Frequently Asked Questions About Clinical Trials


  • What is a Clinical Trial?
    A clinical trial is a research study to answer specific questions about vaccines, new therapies or new ways of using known treatments. Clinical trials (also called medical research and research studies) are used to determine whether new drugs or treatments are both safe and effective. Carefully conducted clinical trials are the fastest and safest way to find treatments that work in people.
  • Why participate in a clinical trial?
    Participants in clinical trials can play a more active role in their own health care, gain access to new research treatments before they are widely available and help others by contributing to medical research.
  • Who can participate in a clinical trial?
    All clinical trials have guidelines about who can participate. Using inclusion/exclusion criteria is an important principle of medical research that helps to produce reliable results. The factors that allow someone to participate in a clinical trial are called “inclusion criteria” and those that disallow someone from participating are called “exclusion criteria”. These criteria are based on such factors as age, gender, the type and stage of a disease, previous treatment history and other medical conditions. Before joining a clinical trial, a participant must qualify for the study. Some research studies seek participants with illnesses or conditions to be studied in the clinical trial, while others need healthy participants. It is important to note that inclusion and exclusion criteria are not used to reject people personally. Instead, the criteria are used to identify appropriate participants and keep them safe. The criteria help ensure that researchers will be able to answer the questions they plan to study.
  • What happens during a clinical trial?
    The clinical trial process depends on the kind of trial being conducted. Most of the trials done at the VCU Mood Disorders Institute are treatment studies, meaning that new treatments, approaches or new combinations of drugs are tested. The clinical trial team includes doctors and nurses as well as other health care professionals. They check the health of the participant at the beginning of the trial, give specific instructions for participating in the trial, monitor the participant carefully during the trial and stay in touch after the trial is completed.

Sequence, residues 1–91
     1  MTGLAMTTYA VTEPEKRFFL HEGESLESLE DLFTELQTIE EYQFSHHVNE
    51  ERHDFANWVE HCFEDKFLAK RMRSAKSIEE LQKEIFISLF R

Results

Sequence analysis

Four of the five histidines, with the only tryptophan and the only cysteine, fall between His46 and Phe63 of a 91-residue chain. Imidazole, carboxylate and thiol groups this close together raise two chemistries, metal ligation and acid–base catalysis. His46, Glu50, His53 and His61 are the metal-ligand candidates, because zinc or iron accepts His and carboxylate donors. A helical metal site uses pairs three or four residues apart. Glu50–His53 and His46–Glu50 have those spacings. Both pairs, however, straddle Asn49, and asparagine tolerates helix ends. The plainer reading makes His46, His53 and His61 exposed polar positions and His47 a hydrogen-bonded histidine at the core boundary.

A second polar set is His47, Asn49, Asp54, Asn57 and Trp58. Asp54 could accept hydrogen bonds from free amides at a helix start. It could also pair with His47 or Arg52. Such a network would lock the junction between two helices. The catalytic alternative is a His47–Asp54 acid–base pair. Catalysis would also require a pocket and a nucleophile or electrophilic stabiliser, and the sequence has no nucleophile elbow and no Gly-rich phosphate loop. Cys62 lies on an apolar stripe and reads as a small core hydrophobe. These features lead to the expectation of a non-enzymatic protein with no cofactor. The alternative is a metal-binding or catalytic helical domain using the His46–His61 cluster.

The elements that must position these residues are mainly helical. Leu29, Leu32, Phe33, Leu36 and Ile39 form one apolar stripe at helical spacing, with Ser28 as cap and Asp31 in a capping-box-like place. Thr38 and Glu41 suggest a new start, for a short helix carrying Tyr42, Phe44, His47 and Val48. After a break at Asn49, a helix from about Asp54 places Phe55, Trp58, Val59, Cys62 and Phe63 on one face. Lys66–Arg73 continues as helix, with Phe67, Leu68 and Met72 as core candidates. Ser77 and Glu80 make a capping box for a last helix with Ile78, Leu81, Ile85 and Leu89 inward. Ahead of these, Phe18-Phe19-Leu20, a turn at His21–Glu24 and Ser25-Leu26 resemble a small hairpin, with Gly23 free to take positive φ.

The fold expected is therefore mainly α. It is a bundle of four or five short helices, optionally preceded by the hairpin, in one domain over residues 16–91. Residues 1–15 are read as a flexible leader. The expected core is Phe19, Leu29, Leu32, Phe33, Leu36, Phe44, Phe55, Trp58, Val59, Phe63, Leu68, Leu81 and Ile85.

Some clinical trials involve more tests and doctor visits than the participant would normally have for an illness or condition. For all types of trials, the participant works with a research team. Clinical trial participation is most successful when the study protocol is carefully followed and there is frequent contact with the research staff.
  • What is informed consent?
    Informed consent is the process of learning the key facts about a clinical trial before deciding whether or not to participate. It is also a continuing process throughout the study to provide information for participants. To help someone decide whether or not to participate, the doctors and nurses involved in the trial explain the details of the study. Then the research team provides an informed consent document that includes details about the study, such as its purpose, duration, required procedures and key contacts. Risks and potential benefits are explained in the informed consent document. The participant then decides whether or not to sign the document. Informed consent is not a contract, and the participant may withdraw from the trial at any time.
  • How is the safety of the participant protected?
    The ethical and legal codes that govern medical practice also apply to clinical trials. In addition, most clinical research is federally regulated with built in safeguards to protect the participants. The trial follows a carefully controlled protocol, a study plan which details what researchers will do in the study. As a clinical trial progresses, researchers report the results of the trial at scientific meetings, to medical journals, and to various government agencies. Individual participants’ names will remain secret and will not be mentioned in these reports.

    Every clinical trial in the U.S. must be approved and monitored by an Institutional Review Board (IRB) to make sure the risks are as low as possible and are worth any potential benefits. An IRB is an independent committee of physicians, statisticians, community advocates and others that ensures that a clinical trial is ethical and the rights of study participants are protected. All institutions that conduct or support biomedical research involving people must, by federal regulation, have an IRB that initially approves and periodically reviews the research.
  • Can a participant leave a clinical trial after it has begun?
    Yes. A participant can leave a clinical trial, at any time. When withdrawing from the trial, the participant should let the research team know about it, and the reasons for leaving the study.
  • Learn more about clinical trials at Virginia Commonwealth University at www.clinicaltrials.vcu.edu.

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